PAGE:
Alexandra Velikoshapko

Adjunct Faculty

Alexandra Velikoshapko teaches courses such as Current Social and Political Issues and Political and Ethnic Conflict in Modern Russia. Her expertise is in creative learning environments and cooperative learning. She has extensive teaching experience and has helped to develop and implement comprehensive lesson plans that accommodate all levels of learners.


Russian language, Russian Literature, Russian Culture


MA, Russian, Magadan, USSR

Course List

Courses offered in the past four years.
indicates offered in the current term
indicates offered in the upcoming term[s]

RULA 8321 - Current Social&Politicl Issues      

Students will be working with authentic Russian language materials from electronic sources in Russia and CIS. The course work has two distinct goals: (1) to expand the vocabulary related to politics, sociology, and security, as well as the ability to read, translate, and analyze primary information sources; and (2) to introduce the variety of interpretations of current political, social, and security trends in the Russian media and government discourse on contemporary subjects. Students will engage in vocabulary-expanding exercises, review of advanced grammar rules, individual and group presentations, writing and speaking assignments related to the most acute issues facing Russian society today.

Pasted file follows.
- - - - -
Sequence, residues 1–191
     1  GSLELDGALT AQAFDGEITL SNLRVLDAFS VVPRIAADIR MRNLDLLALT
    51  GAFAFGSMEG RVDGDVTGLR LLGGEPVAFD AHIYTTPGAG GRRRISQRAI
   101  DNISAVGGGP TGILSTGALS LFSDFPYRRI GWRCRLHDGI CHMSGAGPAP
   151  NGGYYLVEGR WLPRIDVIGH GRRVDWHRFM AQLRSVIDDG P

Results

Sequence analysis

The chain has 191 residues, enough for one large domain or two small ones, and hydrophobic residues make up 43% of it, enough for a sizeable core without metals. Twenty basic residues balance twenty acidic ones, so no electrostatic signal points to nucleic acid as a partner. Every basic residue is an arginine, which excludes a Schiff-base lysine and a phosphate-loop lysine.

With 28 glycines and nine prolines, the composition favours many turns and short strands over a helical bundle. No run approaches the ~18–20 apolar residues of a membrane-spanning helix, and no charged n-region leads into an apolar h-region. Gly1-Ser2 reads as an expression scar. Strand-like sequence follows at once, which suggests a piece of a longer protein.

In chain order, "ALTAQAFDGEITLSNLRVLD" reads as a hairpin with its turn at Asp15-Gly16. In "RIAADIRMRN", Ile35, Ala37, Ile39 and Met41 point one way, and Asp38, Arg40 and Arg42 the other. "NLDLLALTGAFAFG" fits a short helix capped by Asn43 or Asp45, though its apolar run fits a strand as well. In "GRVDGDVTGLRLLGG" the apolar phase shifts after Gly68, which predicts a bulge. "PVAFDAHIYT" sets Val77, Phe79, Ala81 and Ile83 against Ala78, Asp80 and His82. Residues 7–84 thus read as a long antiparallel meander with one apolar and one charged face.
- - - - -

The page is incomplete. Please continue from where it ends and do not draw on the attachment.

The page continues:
Fall 2010 - MIIS

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RULA 8360 - Pol/EthnicConflict:Mod Russia      

Students will learn the chronology of ethnic conflicts that were sparked by political disintegration of the Soviet Union. They will read texts, documents and watch documentaries on the subject. They will examine the history of migration patterns that evolved as a result of ethnic conflicts, learn the impact of social and political chaos of political and economic systems’ disintegration on public health and education in the region. The language goals of the course will be to achieve familiarity with the vocabulary of the theme as well as further develop speaking and writing related to topics of politics, migration, religion and public health.

Spring 2011 - MIIS

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